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Resveratrol Kills Cancer Cells

Mar 27, 2009

Numerous studies show that Resveratrol keeps genes in the cancer fighting business and inhibits genes and enzymes that allow cancer to flourish and spread. Other studies show that Resveratrol is toxic to cancer cells while at the same moment being protective and beneficial to healthy cells. Cancers of the prostate, breast, pancreas, skin, gastric, colon, esophageal, lymphoma, multiple myeloma and leukemia may respond if enough Resveratrol can reach the site. In a statement released by the University of Wisconsin researchers have found that Resveratrol may prove effective in treating neuroblastoma, a nervous-system cancer affecting mostly babies and children. After successful animal studies, researchers at the University of Wisconsin School of Medicine and Public Health say their new treatment is ready for clinical trials.  

The leader of the Wisconsin research group, Dr. Arthur Polans, saw the possibility that Resveratrol might also be useful in fighting this nerve tissue cancer. “Resveratrol is a promising treatment for young children because its not toxic to healthy cells, only to cancer cells.” Dr. Polans is also studying the use of Resveratrol in treating uveal melanoma, a cancer of the eye. “What neuroblastoma and uveal melanoma have in common is the factor of time,” Polans said. “Ideally, youd like to be able to treat them aggressively at first, and then treat them with lower doses of a non-toxic compound over time. Otherwise, you run the risk of damage to vital organs or an increase in secondary tumors.”  

In addition, there is hope for Resveratrol helping treat other cancers as well, because the researchers have demonstrated that it also kills cancer cells and shrinks tumors in three other forms of cancerretinoblastoma, skin melanoma, and breast cancer.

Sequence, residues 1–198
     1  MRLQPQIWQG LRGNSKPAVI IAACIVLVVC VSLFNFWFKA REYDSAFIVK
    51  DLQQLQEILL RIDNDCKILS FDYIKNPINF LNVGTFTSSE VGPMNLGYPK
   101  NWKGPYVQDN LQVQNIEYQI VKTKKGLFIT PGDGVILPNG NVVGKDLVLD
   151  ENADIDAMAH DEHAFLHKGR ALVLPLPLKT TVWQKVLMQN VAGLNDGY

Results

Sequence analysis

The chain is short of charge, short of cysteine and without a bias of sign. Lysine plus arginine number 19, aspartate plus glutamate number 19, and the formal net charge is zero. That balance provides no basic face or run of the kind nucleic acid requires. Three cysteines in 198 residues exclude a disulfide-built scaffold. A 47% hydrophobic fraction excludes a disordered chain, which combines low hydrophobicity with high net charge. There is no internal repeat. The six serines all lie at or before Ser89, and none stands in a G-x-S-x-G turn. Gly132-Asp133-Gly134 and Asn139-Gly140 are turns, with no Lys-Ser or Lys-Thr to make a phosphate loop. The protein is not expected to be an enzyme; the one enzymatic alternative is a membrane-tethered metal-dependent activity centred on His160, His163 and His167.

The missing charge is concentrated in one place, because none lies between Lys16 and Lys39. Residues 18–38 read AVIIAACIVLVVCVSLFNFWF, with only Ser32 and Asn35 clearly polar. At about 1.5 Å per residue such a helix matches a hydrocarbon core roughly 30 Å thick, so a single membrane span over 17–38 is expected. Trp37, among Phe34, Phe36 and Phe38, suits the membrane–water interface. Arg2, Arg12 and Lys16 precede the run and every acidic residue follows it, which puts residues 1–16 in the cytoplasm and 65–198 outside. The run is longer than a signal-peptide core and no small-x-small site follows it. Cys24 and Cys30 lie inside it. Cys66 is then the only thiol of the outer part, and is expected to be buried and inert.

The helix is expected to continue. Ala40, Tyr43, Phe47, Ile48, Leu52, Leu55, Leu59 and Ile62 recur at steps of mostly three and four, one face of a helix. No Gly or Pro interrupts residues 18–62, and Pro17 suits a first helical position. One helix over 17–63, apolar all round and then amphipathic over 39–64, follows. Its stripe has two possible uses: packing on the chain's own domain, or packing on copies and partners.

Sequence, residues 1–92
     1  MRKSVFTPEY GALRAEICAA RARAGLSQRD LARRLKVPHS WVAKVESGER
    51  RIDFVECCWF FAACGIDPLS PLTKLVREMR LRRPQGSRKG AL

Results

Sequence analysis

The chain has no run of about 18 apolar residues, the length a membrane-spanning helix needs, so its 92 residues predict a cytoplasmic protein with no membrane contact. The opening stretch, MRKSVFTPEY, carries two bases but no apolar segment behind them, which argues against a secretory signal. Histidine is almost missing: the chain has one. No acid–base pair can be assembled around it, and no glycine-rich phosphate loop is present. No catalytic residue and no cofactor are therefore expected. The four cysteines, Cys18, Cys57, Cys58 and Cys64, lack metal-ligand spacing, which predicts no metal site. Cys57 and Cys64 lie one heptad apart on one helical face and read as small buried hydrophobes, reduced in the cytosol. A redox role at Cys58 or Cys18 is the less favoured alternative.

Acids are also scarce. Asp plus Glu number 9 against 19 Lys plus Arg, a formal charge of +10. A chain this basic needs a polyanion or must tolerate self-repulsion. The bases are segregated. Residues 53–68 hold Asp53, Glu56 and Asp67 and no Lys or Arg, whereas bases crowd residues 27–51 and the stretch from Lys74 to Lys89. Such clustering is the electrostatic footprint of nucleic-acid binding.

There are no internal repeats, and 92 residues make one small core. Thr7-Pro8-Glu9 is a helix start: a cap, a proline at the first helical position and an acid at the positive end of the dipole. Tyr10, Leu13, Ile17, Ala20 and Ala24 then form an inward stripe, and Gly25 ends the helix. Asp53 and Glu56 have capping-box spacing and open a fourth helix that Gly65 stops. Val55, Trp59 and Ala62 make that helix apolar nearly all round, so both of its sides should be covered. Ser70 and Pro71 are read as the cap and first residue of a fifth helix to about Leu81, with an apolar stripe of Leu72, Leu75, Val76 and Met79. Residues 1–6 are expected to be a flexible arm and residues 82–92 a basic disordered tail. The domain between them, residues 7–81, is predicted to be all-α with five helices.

Previously University of Wisconsin researchers tested Resveratrol in mouse xenograft models of human neuroblastoma (the human cancer is surgically implanted in the animals) and in vitro using human cell lines. Resveratrol inhibited the outgrowth of tumors by as much as 80%. The bioavailability of the drug in serum was in the low micromolar range and no accumulation was observed in tumor tissue. When Resveratrol levels were increased by peritumor injection, rapid tumor regression occurred. Resveratrol decreased tumor cell viability in vitro by 75% to 90%, resulting from an inhibition of cell proliferation and an induction of apoptosis. Loss of mitochondrial membrane potential was an early response to Resveratrol. The researchers concluded that these studies indicated that, despite low bioavailability, Resveratrol is effective at inhibiting tumor growth. Elevated levels of Resveratrol enhance its antitumor potency leading to tumor regression, associated with widespread tumor cell death, the underlying mechanism of which involves the direct activation of the mitochondrial intrinsic apoptotic pathway. The study is published in the September 1st 2007 issue of the journal Clinical Cancer Research.